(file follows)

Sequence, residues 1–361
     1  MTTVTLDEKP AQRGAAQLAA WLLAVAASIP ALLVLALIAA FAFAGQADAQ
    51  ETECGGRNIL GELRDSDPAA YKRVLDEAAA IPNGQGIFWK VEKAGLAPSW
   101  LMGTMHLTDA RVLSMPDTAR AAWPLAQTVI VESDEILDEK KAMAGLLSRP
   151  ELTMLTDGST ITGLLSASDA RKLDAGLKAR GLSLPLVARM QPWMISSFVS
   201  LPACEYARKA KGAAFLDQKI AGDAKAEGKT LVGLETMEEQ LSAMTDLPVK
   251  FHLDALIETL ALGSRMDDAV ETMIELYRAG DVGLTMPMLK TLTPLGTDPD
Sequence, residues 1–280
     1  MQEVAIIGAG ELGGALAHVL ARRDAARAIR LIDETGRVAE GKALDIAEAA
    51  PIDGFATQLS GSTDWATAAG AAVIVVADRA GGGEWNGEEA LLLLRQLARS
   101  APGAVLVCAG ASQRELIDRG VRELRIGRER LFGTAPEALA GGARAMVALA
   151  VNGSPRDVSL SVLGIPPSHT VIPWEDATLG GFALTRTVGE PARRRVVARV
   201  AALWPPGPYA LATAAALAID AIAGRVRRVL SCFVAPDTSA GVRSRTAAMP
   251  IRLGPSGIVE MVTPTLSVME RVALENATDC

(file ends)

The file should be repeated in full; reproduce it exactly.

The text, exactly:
Sequence, residues 1–361
     1  MTTVTLDEKP AQRGAAQLAA WLLAVAASIP ALLVLALIAA FAFAGQADAQ
    51  ETECGGRNIL GELRDSDPAA YKRVLDEAAA IPNGQGIFWK VEKAGLAPSW
   101  LMGTMHLTDA RVLSMPDTAR AAWPLAQTVI VESDEILDEK KAMAGLLSRP
   151  ELTMLTDGST ITGLLSASDA RKLDAGLKAR GLSLPLVARM QPWMISSFVS
   201  LPACEYARKA KGAAFLDQKI AGDAKAEGKT LVGLETMEEQ LSAMTDLPVK
   251  FHLDALIETL ALGSRMDDAV ETMIELYRAG DVGLTMPMLK TLTPLGTDPD
Sequence, residues 1–280
     1  MQEVAIIGAG ELGGALAHVL ARRDAARAIR LIDETGRVAE GKALDIAEAA
    51  PIDGFATQLS GSTDWATAAG AAVIVVADRA GGGEWNGEEA LLLLRQLARS
   101  APGAVLVCAG ASQRELIDRG VRELRIGRER LFGTAPEALA GGARAMVALA
   151  VNGSPRDVSL SVLGIPPSHT VIPWEDATLG GFALTRTVGE PARRRVVARV
   201  AALWPPGPYA LATAAALAID AIAGRVRRVL SCFVAPDTSA GVRSRTAAMP
   251  IRLGPSGIVE MVTPTLSVME RVALENATDC